I was having a discussion (okay, argument) with Mr. Suspicious last night over what to do with the welfare system.  I’m pretty liberal, I wanted to expand it; he’s solid conservative, and was more interested in concentrating the money we already spend in the hands of the people who needed it the most. I.E, not welfare frauds*.

So, are there any welfare frauds? Him: Yes, and they’re common. Me: Yes, but they’re rare.

I’m not going to argue that there are none at all. People are complicated, and do things that don’t make sense. I’m arguing that the number of people that do cheat are rare enough it doesn’t make sense to give them their own category.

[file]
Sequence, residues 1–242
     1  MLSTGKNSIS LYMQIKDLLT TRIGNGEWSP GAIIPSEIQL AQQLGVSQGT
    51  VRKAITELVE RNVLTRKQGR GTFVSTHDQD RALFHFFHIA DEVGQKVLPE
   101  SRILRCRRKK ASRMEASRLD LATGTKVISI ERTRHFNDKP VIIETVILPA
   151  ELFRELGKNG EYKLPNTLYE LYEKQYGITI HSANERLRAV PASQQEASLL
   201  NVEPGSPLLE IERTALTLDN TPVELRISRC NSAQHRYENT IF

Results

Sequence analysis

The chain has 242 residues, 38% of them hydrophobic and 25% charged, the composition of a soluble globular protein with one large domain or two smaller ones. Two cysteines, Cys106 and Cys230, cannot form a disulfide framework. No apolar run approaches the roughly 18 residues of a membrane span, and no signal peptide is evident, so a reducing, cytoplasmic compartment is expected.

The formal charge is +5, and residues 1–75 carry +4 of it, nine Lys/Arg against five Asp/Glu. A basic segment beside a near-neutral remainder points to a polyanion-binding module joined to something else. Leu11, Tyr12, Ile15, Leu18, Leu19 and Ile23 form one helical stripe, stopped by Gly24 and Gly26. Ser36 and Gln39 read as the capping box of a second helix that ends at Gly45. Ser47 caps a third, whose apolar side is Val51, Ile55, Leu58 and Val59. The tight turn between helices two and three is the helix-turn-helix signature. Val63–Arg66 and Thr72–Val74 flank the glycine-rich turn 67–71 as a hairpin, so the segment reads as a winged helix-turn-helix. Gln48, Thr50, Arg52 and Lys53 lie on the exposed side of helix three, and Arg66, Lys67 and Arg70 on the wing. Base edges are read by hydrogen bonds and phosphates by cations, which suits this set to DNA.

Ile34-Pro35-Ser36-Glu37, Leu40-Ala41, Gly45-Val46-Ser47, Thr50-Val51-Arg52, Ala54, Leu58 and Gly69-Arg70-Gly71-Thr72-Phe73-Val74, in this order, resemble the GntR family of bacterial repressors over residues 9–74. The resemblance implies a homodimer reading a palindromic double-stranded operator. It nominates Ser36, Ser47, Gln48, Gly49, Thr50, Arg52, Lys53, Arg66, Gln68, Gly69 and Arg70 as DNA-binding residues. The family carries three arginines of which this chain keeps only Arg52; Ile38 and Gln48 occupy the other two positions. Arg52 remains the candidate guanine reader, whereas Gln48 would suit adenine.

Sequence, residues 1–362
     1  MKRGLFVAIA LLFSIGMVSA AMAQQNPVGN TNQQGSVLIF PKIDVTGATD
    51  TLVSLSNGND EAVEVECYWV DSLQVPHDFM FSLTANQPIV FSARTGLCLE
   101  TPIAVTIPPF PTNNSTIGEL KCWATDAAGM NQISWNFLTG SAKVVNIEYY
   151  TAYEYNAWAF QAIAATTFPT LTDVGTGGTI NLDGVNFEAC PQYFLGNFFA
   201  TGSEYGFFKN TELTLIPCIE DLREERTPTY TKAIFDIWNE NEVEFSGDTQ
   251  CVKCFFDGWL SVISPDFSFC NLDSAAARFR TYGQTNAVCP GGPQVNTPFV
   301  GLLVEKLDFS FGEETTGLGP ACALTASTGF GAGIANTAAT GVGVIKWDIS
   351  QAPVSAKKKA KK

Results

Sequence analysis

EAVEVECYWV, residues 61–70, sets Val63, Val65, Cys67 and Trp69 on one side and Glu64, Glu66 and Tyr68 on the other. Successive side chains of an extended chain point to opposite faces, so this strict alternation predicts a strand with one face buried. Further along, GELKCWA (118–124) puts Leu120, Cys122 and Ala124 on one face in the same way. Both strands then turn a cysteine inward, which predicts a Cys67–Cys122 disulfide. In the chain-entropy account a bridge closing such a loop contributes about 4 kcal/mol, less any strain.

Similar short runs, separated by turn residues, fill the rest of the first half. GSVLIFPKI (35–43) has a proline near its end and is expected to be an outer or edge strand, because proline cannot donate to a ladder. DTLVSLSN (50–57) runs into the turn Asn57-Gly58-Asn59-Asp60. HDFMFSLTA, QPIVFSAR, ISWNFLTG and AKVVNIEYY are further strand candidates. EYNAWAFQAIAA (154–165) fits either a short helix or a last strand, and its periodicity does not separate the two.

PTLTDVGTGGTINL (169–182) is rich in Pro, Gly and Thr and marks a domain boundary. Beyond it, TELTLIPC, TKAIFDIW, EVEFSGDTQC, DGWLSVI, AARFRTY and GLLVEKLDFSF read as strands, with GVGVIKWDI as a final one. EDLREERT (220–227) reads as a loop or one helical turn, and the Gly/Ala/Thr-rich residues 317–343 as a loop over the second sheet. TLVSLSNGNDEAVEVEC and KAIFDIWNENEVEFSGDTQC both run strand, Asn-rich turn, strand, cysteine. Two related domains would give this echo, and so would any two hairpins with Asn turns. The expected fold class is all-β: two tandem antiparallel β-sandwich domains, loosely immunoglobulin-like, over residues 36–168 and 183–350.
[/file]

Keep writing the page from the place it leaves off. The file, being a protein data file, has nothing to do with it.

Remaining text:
Obvious Questions:

  1. How many people are definitely frauds?
  2. What do we do with someone if we’re not sure?
  3. How many make “rare” and “common”?

Bonus points!
Say he’s right. What do we do about it?

I mean, the big point is how we tell with any certainty that someone is a fraud. Courts do it all the time. I guess one way to tell would be to see how many people actually get convicted of welfare fraud, and trust that judges/juries know what they’re doing.

*Actually, he used the term “welfare queens”, but that implies that it’s only women doing it, and specifically by using children to get more money. In context, he meant anyone who takes welfare they don’t deserve, so I’m going to say “welfare frauds”.